Evaluating a Mechanism for Explaining BDI Agent Behaviour2023In: Proceedings of the 5th International Workshop on EXTRAAMAS 2023 / [ed] Davide Calvaresi; Amro Najjar; Andrea Omicini; Reyhan Aydoğan; Rachele Carli; Giovanni Ciatto; Yazan Mualla; Kary Främling, Heidelberg: Springer, 2023, Vol. 14127, p. 18-37Conference paper (Refereed)
    Abstract [en]

    Explainability of autonomous systems is important to supporting the development of appropriate levels of trust in the system, as well as supporting system predictability. Previous work has proposed an explanation mechanism for Belief-Desire-Intention (BDI) agents that uses folk psychological concepts, specifically beliefs, desires, and valuings. In this paper we evaluate this mechanism by conducting a survey. We consider a number of explanations, and assess to what extent they are considered believable, acceptable, and comprehensible, and which explanations are preferred. We also consider the relationship between trust in the specific autonomous system, and general trust in technology. We find that explanations that include valuings are particularly likely to be preferred by the study participants, whereas those explanations that include links are least likely to be preferred. We also found evidence that single-factor explanations, as used in some previous work, are too short. © 2023, The Author(s), under exclusive license to Springer Nature Switzerland AG.

  • 12.
    Winikoff, Michael
    et al.
    Victoria University of Wellington, Wellington, New Zealand; University of Otago, Dunedin, New Zealand.
    Sidorenko, Galina
    Halmstad University, School of Information Technology, Halmstad Embedded and Intelligent Systems Research (EIS). University of Otago, Dunedin, New Zealand.
    Dignum, Virginia
    Umeå University, Umeå, Sweden.
    Dignum, Frank
    Umeå University, Umeå, Sweden; Utrecht University, Utrecht, Netherlands.
    Why bad coffee? Explaining BDI agent behaviour with valuings2021In: Artificial Intelligence, ISSN 0004-3702, E-ISSN 1872-7921, Vol. 300, article id 103554Article in journal (Refereed)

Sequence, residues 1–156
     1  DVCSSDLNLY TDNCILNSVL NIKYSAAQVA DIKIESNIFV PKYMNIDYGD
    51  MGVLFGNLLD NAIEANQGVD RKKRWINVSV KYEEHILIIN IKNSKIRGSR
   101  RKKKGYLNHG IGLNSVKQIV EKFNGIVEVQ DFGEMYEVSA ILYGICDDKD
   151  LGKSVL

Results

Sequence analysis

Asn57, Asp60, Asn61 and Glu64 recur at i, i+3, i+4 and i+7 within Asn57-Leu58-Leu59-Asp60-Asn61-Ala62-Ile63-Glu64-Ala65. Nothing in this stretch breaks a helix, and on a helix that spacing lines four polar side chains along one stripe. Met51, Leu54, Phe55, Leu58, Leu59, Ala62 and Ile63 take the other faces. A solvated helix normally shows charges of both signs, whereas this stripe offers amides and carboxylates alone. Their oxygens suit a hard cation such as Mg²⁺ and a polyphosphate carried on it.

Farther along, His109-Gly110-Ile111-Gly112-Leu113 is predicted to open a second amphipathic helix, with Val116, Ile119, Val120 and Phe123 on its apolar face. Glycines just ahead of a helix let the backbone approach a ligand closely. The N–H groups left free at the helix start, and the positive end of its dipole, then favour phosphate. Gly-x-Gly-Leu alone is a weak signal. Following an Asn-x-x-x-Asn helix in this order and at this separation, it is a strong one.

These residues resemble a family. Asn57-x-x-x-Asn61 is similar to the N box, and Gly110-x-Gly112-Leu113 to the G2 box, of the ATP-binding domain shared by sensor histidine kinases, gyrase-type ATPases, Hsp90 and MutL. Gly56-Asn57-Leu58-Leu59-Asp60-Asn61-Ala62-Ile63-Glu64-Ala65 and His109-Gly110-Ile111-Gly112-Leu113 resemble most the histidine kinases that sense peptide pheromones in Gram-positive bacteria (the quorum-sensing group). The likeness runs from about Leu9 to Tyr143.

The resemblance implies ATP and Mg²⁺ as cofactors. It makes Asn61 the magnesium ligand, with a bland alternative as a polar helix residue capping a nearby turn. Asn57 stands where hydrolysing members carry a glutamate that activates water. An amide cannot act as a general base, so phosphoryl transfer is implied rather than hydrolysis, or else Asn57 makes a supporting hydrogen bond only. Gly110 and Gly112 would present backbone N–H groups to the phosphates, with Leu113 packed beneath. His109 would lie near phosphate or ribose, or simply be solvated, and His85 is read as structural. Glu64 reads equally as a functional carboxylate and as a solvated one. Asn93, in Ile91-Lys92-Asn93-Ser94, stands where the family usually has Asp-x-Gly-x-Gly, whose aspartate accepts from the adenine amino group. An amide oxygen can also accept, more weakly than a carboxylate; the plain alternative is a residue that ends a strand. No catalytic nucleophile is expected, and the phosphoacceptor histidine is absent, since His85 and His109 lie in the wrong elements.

Abstract [en]

    An important issue in deploying an autonomous system is how to enable human users and stakeholders to develop an appropriate level of trust in the system. It has been argued that a crucial mechanism to enable appropriate trust is the ability of a system to explain its behaviour. Obviously, such explanations need to be comprehensible to humans. Due to the perceived similarity in functioning between humans and autonomous systems, we argue that it makes sense to build on the results of extensive research in social sciences that explores how humans explain their behaviour. Using similar concepts for explanation is argued to help with comprehensibility, since the concepts are familiar. Following work in the social sciences, we propose the use of a folk-psychological model that utilises beliefs, desires, and “valuings”. We propose a formal framework for constructing explanations of the behaviour of an autonomous system, present an (implemented) algorithm for giving explanations, and present evaluation results. © 2021 Elsevier B.V.

  • 13.
    Winikoff, Michael
    et al.
    Victoria University Of Wellington, Wellington, New Zealand.
    Sidorenko, Galina
    Halmstad University, School of Information Technology.
    Dignum, Virginia
    Umeå University, Umea, Sweden.
    Dignum, Frank
    Umeå University, Umea, Sweden.
    Why Bad Coffee? Explaining BDI Agent Behaviour with Valuings (Extended Abstract)2022In: IJCAI International Joint Conference on Artificial Intelligence, Palo Alto, CA: AAAI Press, 2022, p. 5782-5786Conference paper (Refereed)
    Abstract [en]

    An important issue in deploying an autonomous system is how to enable human users and stakeholders to develop an appropriate level of trust in the system. It has been argued that a crucial mechanism to enable appropriate trust is the ability of a system to explain its behaviour. Obviously, such explanations need to be comprehensible to humans. Due to the perceived similarity in functioning between humans and autonomous systems, we argue that it makes sense to build on the results of extensive research in social sciences that explores how humans explain their behaviour. Using similar concepts for explanation is argued to help with comprehensibility, since the concepts are familiar. Following work in the social sciences, we propose the use of a folk-psychological model that utilises beliefs, desires, and “valuings”. We propose a formal framework for constructing explanations of the behaviour of an autonomous system, present an (implemented) algorithm for giving explanations, and present evaluation results. © 2022 International Joint Conferences on Artificial Intelligence. All rights reserved.